Maryland Pet

7 Tips for How to Make a Long Distance Move With Pets

Most people don’t even consider how moving affects their pets. They worry about themselves and what to do with their kids but never stop to think about how the animals will handle the stress. If you love your animal companion, take the time to help ease their transition process. In this article, you’ll learn seven priceless tips for getting your pet ready for a long-distance move across the country!

1. Prepare the Necessary Paperwork

The first thing you need to do is make sure you have the necessary paperwork in order. Having this taken care of will help you avoid delays along the way. The most important document your pet will need is a valid rabies certificate which you can obtain from the vet. If you’re moving into an apartment, ask the landlord if you can bring animals with you. Confirm this further by scanning the lease agreement thoroughly before signing. If pets are not allowed at all, then you can hunt for a new home accordingly. Be aware that some apartment communities also restrict certain breeds of dangerous dogs.

2. Get in Touch with the Vet

After you have the documents gathered, you need to take your animal friend on a trip to the vet. You don’t want your pet getting sick or hurting himself while in transit. It’s essential that your pet undergo a complete check-up before moving since being on the road can be very stressful. The vet can identify any underlying medical issues or concerns which could come back and bite you later down the line. He can also provide medications to make the trip manageable, such as anti-motion sickness shots for dogs.

3. Choose a Pet-Friendly Moving Company

Is your pet new to moving? Dogs are incredibly defensive against people they don’t know, while cats are skeptical about changes to their environment. That’s why it’s a good idea to choose a pet-friendly moving company with experience working around animals. With their expertise, they know how to pack up your belongings while making your pet comfortable during the entire process. These full-service movers recommend having a safe place for your pet to play on moving day so that it is out of the way when the movers start hauling furniture and boxes to the truck. The last thing you want is for a pet to get underfoot and trip someone. Wherever you put your pet on moving day, make sure they have some familiar toys and a comfortable place to lay down to ease their anxiety.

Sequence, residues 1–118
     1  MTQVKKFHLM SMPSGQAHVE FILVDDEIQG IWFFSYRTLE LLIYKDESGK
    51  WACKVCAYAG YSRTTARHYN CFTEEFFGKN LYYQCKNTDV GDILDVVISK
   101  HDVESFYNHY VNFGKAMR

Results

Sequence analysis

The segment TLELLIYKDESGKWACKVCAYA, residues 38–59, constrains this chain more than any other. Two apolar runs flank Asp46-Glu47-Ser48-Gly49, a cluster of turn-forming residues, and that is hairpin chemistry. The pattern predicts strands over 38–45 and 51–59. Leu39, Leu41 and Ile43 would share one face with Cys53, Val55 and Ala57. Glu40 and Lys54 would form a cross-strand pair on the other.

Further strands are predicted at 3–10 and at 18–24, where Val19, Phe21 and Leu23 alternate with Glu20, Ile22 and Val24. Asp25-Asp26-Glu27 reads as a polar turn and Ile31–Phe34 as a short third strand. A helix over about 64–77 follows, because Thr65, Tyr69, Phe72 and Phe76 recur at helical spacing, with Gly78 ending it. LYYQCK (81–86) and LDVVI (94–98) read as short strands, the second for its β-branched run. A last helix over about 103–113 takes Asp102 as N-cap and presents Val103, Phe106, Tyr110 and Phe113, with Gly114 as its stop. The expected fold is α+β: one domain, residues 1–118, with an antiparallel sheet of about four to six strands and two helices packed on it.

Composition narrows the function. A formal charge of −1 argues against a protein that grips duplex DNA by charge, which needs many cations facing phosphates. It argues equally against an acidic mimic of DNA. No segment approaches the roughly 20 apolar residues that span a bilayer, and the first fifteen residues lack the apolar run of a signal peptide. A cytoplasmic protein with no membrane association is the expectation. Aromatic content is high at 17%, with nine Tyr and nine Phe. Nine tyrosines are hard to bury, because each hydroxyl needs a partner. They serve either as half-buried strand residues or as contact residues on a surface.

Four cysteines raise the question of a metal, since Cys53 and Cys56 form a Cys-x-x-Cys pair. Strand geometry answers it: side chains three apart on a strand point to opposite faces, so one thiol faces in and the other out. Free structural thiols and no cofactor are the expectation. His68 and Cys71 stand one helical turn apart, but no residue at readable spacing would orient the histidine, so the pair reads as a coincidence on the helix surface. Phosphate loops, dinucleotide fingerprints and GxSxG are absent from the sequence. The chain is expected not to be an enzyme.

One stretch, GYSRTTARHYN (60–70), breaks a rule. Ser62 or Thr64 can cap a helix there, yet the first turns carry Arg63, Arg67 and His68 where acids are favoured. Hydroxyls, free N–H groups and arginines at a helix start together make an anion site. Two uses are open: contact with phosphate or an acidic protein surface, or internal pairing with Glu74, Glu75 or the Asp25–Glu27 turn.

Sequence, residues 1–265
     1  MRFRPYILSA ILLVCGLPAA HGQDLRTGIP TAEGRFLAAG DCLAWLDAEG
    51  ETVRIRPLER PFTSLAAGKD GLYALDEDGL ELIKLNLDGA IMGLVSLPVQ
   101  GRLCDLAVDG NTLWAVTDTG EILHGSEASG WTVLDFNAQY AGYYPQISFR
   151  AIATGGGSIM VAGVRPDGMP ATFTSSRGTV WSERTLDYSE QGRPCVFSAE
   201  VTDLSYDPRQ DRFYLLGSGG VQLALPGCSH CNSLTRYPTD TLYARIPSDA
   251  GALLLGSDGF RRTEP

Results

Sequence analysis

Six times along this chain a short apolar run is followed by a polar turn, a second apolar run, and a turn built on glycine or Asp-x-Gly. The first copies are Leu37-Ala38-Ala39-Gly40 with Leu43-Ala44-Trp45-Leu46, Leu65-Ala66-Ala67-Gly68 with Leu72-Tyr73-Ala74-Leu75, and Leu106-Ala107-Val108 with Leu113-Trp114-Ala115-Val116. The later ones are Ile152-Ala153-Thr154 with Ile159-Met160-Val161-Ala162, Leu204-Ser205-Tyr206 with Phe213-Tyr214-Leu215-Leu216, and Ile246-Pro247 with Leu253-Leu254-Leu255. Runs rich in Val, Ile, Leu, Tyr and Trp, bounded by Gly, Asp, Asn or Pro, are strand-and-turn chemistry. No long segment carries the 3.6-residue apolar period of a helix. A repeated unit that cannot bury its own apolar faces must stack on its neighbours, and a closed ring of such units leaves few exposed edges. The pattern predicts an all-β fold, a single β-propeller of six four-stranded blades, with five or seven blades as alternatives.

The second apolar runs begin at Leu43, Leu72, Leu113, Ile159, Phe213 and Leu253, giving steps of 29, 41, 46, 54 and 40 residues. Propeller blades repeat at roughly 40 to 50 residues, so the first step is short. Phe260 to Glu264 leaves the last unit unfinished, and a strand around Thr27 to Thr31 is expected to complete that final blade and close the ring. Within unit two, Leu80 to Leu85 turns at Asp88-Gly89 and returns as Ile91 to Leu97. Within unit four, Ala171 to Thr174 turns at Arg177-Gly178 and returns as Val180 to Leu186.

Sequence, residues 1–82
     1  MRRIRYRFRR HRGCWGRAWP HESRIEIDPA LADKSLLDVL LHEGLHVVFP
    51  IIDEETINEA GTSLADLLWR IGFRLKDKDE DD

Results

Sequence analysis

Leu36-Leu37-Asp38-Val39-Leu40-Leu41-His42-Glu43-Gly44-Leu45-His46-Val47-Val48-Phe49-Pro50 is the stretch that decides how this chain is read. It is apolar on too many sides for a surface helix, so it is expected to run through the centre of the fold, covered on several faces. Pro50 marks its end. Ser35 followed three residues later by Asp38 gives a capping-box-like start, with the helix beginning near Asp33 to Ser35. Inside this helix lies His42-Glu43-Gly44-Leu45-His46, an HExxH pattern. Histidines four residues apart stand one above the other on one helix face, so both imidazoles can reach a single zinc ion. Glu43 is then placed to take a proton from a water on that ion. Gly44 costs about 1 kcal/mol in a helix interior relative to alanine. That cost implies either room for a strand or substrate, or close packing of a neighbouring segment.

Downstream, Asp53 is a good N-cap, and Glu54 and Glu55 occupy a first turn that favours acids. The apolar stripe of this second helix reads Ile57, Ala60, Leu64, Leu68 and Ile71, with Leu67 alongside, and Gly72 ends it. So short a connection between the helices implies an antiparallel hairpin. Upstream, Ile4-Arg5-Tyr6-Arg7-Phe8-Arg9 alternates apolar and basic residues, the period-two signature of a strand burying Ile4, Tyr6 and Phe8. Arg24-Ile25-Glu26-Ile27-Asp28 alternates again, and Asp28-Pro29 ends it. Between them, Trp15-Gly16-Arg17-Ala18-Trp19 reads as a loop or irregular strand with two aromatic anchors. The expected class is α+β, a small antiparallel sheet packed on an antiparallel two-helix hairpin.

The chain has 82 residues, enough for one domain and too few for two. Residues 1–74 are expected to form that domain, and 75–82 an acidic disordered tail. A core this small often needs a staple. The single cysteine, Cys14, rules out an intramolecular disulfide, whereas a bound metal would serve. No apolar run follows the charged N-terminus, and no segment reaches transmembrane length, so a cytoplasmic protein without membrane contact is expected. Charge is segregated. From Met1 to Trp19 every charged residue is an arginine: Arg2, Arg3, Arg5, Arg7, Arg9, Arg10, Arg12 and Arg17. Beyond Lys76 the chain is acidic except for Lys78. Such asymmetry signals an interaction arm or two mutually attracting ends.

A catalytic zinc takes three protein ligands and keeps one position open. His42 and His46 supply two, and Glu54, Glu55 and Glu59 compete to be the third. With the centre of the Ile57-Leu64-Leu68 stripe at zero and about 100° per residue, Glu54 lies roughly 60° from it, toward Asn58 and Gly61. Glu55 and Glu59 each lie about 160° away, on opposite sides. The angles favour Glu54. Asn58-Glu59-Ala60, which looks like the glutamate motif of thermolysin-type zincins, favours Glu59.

4. Microchip Your Pet

You never know what can happen during a long-distance move. You might easily get sidetracked by all the things you need to do that you’ll forget about your pet. No worries! Microchipping can solve the problem. Not only does it let you track your pet, but it also helps to identify the animal in case of an emergency. It costs less than $40 for a veterinarian to microchip your pet, and the process is pretty simple. The vet will insert an electronic microchip under the animal’s skin using a needle or syringe, just as humans receive vaccines. Once injected, the chip is not removable—no need to worry about your pet getting lost or stolen. 

5. Prepare Your Pet’s Necessities

This move isn’t only about you, remember? You should also pack up all of your pet’s supplies before the big day. Purchase a sturdy animal carrier to house them during the trip. Prepare food, water bowls, litter boxes for cats, or a kennel for dogs. Make sure you bring their favorite toys and blankets to help them get comfortable inside the car. You might also want to bring along extra things, such as leashes and collars so that you can take them for walks during stops.

6. Check On Your Pet During the Trip

Before you hit the road, it’s best to place your pet’s cage where you can quickly check on it. For dogs, you should put them in the seat with the kids to play and interact. For cats, you might want to avoid placing their cage near an open window since they might jump out due to stress. If your pet doesn’t like to travel, it may be worth making frequent stops and letting them out of their carrier to stretch their legs.

7. Let Your Pet Acclimate to Your New Home

Congratulations on reaching your destination! Now the hard part is over. It’s the beginning of a new chapter in your life. Unlike humans that tend to adapt quickly, your pet may need some time to acclimate to its new surroundings. It’s best if you place them in a room that resembles the old one so they can feel at ease while exploring around. Make sure to put out their bed, toys, and food as usual. This way, they won’t feel that a lot of things have changed.

Animals are more sensitive than humans. So, your pet will likely feel as anxious, if not more so, about the move as you do. But don’t worry! Just make sure to follow the steps above, and you and your animal friend will get to enjoy a seamless experience.

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